a large flock of sea gulls take flight beside Lake Ontario and in front of H T O beach

three people skating at an outdoor skating rink

Now on at the Harbourfront Centre is “Future Retrospectives” which is a group exhibition of works by artists and designers who use the past as a lens to look at the future (until 29th March).

below: The coloured shapes with the words, are the work of Hannah Claus.  They hang on a clear background so the installation on the wall behind shows through (also the work of Hannah Claus).  In fact, the two go together.  At first I thought the coloured shapes represented tombstones but in fact they are a replica of the plaque on Hochelaga Rock. This rock commemorates the village and people encountered by Jacques Cartier in 1535; it is on the McGill campus in Montreal.  It is also featured in the photos on the far wall. The English words (bottom half) start with “Near here was the…”.  More information.

Near Here was art installation or Harbourfront Artport gallery

below: Will we be able to understand a future time?  Also part of Future Retrospectives.

will we understand future time, video art with some other bits and pieces, Harbourfront Artport gallery

below: Timeless.  Eternity. Waiting for the bus.

three people at a bus shelter waiting for a bis, two are standing and one is sitting. They are underneath a large photo of stars and the night sky

below: This is ‘Loop’ an interactive “Winter Station” public art installation.  In past years, there have been 5 or 6 different art installations along Queens Quay as part of the Winter Station project.  This year, there is just this one which is located at York Street Park.   The circles are large enough for two people to sit face to face.  There is a metal bar which can then be moved back and forth between the pair.  This movement makes an inner circle spin and activates some lights.   It is the creation of Olivier Girouard ; it is scheduled to remain here until the 9th of February.

black circular structures that are part of an interactive art installation called Loop, arranged in a semi-circle at Yor Street Park, snow on the ground, trees with no leaves, no people there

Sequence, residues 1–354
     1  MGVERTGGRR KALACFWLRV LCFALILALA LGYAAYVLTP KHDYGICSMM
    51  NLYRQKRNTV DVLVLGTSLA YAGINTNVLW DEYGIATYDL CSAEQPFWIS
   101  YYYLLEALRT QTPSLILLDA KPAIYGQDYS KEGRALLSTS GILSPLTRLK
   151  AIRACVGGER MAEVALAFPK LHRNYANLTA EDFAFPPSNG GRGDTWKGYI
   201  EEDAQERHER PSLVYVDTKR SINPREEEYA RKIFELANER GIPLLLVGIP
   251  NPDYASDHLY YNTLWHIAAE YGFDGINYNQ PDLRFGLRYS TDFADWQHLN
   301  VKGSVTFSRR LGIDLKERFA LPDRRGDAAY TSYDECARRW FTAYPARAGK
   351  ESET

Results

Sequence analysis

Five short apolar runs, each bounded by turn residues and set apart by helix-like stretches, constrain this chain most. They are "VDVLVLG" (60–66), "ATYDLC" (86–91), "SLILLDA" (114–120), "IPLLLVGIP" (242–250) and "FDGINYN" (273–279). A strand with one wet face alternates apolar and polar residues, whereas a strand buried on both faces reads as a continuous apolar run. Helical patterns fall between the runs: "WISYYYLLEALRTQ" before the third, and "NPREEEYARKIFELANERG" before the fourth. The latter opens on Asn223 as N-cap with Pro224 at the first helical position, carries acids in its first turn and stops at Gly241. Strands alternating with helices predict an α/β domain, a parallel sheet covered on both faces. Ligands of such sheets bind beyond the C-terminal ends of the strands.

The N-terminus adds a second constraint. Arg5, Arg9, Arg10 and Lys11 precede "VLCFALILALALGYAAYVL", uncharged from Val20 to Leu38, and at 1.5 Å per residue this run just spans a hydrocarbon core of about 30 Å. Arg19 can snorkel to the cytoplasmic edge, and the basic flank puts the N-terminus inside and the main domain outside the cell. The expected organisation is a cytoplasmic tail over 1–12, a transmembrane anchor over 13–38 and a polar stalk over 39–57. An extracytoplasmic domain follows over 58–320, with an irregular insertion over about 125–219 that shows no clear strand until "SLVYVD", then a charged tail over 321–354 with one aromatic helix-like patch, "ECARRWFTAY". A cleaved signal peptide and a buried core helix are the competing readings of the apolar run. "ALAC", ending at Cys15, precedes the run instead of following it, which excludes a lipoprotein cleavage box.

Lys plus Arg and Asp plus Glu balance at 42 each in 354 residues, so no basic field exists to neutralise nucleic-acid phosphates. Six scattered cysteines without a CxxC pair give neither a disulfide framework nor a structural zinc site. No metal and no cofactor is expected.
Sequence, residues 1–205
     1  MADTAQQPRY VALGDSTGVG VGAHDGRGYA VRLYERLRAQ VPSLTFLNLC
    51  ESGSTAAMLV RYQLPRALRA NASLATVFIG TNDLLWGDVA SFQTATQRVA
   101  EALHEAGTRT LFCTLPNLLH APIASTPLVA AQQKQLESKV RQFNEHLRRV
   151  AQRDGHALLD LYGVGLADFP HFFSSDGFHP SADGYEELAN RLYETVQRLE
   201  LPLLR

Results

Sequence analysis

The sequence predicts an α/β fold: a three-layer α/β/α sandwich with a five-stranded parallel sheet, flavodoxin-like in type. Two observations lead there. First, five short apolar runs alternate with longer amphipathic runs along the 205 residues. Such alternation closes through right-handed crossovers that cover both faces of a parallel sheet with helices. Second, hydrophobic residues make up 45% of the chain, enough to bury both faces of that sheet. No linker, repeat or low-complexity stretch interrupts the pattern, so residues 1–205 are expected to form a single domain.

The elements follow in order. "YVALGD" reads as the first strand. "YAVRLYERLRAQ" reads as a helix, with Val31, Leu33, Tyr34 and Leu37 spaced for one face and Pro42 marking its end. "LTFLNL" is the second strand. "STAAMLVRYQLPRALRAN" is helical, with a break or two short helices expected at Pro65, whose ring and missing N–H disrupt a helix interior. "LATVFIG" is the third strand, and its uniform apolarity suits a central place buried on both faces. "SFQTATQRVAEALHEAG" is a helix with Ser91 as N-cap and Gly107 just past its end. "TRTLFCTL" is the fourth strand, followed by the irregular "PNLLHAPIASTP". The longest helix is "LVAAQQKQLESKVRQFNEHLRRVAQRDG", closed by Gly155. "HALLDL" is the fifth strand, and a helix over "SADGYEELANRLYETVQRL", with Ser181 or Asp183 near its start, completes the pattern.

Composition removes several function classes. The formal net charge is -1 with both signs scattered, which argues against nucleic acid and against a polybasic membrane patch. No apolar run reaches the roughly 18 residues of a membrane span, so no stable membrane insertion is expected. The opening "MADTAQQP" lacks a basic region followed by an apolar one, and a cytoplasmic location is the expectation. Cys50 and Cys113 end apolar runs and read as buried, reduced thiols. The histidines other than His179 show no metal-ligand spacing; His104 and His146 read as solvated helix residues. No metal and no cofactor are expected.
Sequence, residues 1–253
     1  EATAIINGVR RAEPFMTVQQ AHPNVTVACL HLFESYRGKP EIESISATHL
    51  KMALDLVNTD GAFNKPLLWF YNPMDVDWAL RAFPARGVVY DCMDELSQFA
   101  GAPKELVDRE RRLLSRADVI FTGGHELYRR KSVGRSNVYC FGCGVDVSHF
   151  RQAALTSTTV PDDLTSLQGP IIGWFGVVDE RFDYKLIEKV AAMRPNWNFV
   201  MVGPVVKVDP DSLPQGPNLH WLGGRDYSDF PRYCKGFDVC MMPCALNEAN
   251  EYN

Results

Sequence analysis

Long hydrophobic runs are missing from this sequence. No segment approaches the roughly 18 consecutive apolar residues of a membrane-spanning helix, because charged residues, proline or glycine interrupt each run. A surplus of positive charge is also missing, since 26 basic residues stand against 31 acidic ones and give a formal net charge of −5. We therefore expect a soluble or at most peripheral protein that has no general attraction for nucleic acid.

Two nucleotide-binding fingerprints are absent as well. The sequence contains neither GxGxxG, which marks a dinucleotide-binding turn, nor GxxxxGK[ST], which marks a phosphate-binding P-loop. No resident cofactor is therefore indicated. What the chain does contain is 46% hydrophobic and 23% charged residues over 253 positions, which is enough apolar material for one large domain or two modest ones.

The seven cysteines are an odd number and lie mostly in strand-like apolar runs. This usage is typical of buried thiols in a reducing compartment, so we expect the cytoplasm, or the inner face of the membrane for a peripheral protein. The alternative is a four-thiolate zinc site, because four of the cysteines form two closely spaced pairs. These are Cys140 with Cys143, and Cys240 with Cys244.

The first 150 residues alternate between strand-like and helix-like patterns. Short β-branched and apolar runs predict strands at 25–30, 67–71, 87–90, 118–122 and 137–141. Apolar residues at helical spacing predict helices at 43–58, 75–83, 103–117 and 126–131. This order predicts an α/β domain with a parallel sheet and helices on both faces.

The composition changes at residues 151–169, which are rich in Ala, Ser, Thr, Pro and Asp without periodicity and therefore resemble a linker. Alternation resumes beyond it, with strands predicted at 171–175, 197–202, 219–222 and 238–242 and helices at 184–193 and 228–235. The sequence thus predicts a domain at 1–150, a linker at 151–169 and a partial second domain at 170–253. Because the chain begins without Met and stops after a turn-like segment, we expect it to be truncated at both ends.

below: Harbour Street, looking east towards Yonge Street from the elevated walkway that runs north from WaterPark Place, over the Lakeshore and under the Gardiner.

view east on Harbour Streeet from the walkway between Waterpark Place and Scotiabank Arena, construction of new high rises in the background, traffic,

below: Reflections on the walkway.

reflections of people walking in glass walled elevated walkway om downtown Toronto

below: After passing under the Gardiner, the walkway wraps around the west side of the second floor of the Scotiabank Arena (originally the ACC).

interior, Scotiabank Arena people on elevated walkway between Waterpark Place and Scotiabank Arena

below: The south entrance to Union Station, from the walkway.  This is also a good view of the new glass platform over Union Station (train shed roof?) – this is something that I need to check out in more detail.

Union Station entrance, a couple of people walking in front, Royal York hotel in the background, taken from elevated walkway beside Scotiabank arena

below: Also under renovation is the Bay Street exit of the Scotiabank Arena.  A new walkway between it and the building being constructed across the street is almost complete.  It is on the same level as, and immediately beside, the railway tracks.  This walkway will connect to the new Union Station bus terminal

from the inside, looking out, construction of the new exit, and new elevated walkway to building being constructed across the street

below: Exit onto Bay Street and look up!  Upward.  And to the future…. wherever that leads us.

looking up towards the sky at the Bay Street entrance to Scotianbank arena, wall of old arena, top of new building being constructed across the street,

I’d heard that there were some Christmas lights brightening up the sky at Kew Beach.   What I didn’t know then was that this is now an annual tradition;  it was started by DeClute Real Estate in 2007.  Since there was still some daylight left, I started my walk at Woodbine Beach, a bit west of Kew.

snow fence beside Lake Ontario at Woodbine Beach

below:  Small waves crash over the rocks at the shore.

slow mo pic of waves crashing over a rock at the beach

below: Leuty Lifeguard Station closed up for the winter.

Leuty lifeguard station in late afternoon, snow fence, some snow on the ground, lights on,

below: Ready to run

between a snow fence and Lake Ontario, a woman is in the process of throwing a ball for her dog who anxiously awaits the throw

long snow fence running parallel to the shore at Woodbine beach in December, some snow, no people

sunset behind Lake Ontario at Woodbine Beach, snow fence, some snow on the ground